Brand Engagement and Brand Loyalty

Brand Engagement and Brand Loyalty

Ronald E. Goldsmith (Florida State University, USA)
DOI: 10.4018/978-1-61350-171-9.ch008
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Abstract

Marketers value and seek brand loyalty. Consequently, they have developed a variety of strategies to encourage both behavioral (repeat purchase) and attitudinal (emotional) loyalty among customers. A recent concept has emerged related to the latter goal: brand engagement. Although marketers give a variety of definitions for brand engagement, the essential concept is an emotional attachment to a brand as though the customer has an emotional relationship with it perhaps because the brand acts as an important reflection of self-identity or is an important symbol of something meaningful to the consumer. Consumers manifest different types of engagement (with advertising, media, web sites, a company, as well as specific brands). Engagement is also conceptualized at different levels of abstraction: engagement with the marketplace, engagement with a product category, engagement with a specific brand, and brand engagement in self-concept, which refers to differences in how much consumer use brands in general to represent themselves to others. This chapter discusses these issues in some detail and presents theoretical, managerial, and theoretical implications of this concept.
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Brand Loyalty

Marketers have long desired loyal customers because it is easier and cheaper to sell to the loyalist than to attract a new customer, but loyalty to specific brands could only occur after brands themselves appeared. As manufacturers created branded products toward the end of the nineteenth century, consumers learned to trust certain brand names as quality guarantees, and over time, brand loyalty began to characterize the behavior of many consumers (Robinson & Etherington, 2006). The concept of customer brand loyalty as a managerial and academic concern seems to have emerged in the 1950’s with the publication of Cunningham’s (1956, 1961) Harvard Business Review articles. Once he showed empirically that loyal customers did exist and that their loyal purchasing behavior had a financial impact, customer loyalty became increasingly the goal of many marketing strategies. Not only is it less expensive to market to loyal customers; they tend to buy more of the brand; they pay higher prices for “their” brand; they see subtle differences in brands; they are more likely than non-loyalists to purchase brand extensions, to provide suggestions for improving the brand, and to spread positive word-of-mouth about the brand, including advocating for it.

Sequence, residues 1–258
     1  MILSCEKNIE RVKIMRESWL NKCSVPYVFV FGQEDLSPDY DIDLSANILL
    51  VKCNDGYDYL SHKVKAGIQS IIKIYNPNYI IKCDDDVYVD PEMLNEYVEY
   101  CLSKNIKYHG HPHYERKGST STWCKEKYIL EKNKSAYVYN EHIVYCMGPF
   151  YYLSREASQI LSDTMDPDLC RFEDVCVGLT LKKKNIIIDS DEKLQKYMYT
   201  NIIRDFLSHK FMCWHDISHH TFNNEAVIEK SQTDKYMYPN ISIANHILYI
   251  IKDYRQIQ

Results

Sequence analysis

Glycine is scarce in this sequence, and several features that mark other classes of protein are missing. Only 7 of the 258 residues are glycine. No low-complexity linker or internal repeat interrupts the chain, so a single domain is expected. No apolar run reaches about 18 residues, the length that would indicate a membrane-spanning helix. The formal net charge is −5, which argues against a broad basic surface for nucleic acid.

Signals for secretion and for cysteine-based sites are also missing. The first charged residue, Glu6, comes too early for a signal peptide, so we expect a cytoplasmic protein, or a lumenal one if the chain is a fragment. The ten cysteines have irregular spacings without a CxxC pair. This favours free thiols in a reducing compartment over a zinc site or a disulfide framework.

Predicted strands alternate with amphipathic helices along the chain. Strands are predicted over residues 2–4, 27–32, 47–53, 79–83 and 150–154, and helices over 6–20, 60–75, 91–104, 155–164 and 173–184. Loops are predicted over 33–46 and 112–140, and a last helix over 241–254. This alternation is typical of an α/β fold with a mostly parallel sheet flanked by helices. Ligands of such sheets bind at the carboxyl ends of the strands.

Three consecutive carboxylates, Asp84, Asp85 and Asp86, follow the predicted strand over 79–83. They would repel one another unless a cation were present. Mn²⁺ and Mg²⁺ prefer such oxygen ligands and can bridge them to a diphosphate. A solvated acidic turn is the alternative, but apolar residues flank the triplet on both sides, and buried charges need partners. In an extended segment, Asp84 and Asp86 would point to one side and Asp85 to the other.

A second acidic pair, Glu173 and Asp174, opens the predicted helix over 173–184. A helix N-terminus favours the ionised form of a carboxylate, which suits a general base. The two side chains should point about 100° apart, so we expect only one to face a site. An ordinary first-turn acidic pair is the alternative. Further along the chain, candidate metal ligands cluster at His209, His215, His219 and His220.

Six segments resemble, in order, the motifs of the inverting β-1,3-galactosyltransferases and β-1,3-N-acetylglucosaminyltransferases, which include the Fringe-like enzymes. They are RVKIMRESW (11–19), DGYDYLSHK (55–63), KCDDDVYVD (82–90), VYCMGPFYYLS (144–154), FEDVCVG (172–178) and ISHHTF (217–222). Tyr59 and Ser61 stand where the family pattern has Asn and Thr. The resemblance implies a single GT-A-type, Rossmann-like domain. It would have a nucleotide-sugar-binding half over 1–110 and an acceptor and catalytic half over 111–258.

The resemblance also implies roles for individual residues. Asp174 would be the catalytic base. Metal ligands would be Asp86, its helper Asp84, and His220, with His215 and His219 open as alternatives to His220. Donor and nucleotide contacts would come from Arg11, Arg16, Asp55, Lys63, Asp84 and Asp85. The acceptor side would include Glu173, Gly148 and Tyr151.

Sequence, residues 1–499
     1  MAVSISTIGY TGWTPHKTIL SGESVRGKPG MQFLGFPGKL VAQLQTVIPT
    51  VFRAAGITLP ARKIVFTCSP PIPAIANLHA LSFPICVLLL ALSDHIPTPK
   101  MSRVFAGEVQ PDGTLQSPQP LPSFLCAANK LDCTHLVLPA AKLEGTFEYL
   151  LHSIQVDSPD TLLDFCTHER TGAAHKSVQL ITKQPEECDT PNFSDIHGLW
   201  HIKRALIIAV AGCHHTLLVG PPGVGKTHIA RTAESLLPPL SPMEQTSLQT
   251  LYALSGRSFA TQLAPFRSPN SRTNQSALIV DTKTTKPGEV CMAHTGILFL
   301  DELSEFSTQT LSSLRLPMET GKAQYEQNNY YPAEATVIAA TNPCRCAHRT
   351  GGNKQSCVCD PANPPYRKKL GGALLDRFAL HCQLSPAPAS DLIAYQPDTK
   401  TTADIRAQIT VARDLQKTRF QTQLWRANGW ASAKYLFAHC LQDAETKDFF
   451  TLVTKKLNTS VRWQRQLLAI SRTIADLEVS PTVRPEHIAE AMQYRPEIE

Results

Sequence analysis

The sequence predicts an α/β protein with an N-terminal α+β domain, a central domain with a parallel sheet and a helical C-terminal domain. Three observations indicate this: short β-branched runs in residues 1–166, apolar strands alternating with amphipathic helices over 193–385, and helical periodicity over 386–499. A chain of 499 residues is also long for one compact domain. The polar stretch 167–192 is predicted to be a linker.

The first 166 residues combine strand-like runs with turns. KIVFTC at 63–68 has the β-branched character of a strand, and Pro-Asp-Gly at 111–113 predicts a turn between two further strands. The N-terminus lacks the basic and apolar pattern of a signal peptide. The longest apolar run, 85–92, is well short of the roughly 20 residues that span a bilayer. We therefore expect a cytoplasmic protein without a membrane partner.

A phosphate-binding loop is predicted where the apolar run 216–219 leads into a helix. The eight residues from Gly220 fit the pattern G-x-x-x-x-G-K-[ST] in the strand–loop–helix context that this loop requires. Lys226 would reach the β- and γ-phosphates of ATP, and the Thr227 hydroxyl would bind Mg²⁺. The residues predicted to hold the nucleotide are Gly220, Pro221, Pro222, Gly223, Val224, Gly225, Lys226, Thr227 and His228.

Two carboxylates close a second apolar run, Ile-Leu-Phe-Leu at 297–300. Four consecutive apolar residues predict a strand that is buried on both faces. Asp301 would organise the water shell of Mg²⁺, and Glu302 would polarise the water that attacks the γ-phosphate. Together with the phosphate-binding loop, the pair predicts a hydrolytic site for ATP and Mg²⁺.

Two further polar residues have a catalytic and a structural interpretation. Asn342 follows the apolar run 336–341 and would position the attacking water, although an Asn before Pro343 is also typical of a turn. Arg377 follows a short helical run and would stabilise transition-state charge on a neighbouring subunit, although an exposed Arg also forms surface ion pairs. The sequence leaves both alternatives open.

Brand loyalty, however, presents marketers and consumer researchers with definitional and operational problems. Jacoby and Chestnut (1978) pointed out that at that time there were over fifty different definitions and operationalizations of brand loyalty, and that there was little agreement among them. Ehrenberg (1988) demonstrated that at least in the area of fast-moving consumer goods, most customers show multi-brand purchasing; that is, they have a repertoire of brands from which they buy, but they frequently switch among these brands (see Foxall, 1999). Often, managers and researchers think of loyalty as a pattern of consistent buying over time, but from another perspective, loyalty can be conceptualized as an emotion, attitude, or predisposition. It is common for the former (i.e., consistent buying) to be termed “behavioral loyalty” and the latter (i.e., emotion) as “attitudinal loyalty” (Dick & Basu, 1994). Clearly, customer loyalty is a wide-ranging and varied phenomenon with many useful dimensions and perspectives. Customers may buy the same brand repeatedly for its low price or out of inertia because it is the easiest thing to do, but they may have few real feelings about these brands. Customers may like several brands, but not see pronounced differences among them and so vary their purchases among this acceptable set. Some customers seek the lowest prices and are largely indifferent to branding appeals; point of sale marketing strategies or circumstances might influence their purchases of some brands. However, most consumers do develop strong feelings about some brands so that they feel they have a relationship with the brand. Loyal buyers trust the brand and feel it is relevant to their values and lifestyles. This is the realm of brand engagement, which strives to understand this aspect of brand loyalty.

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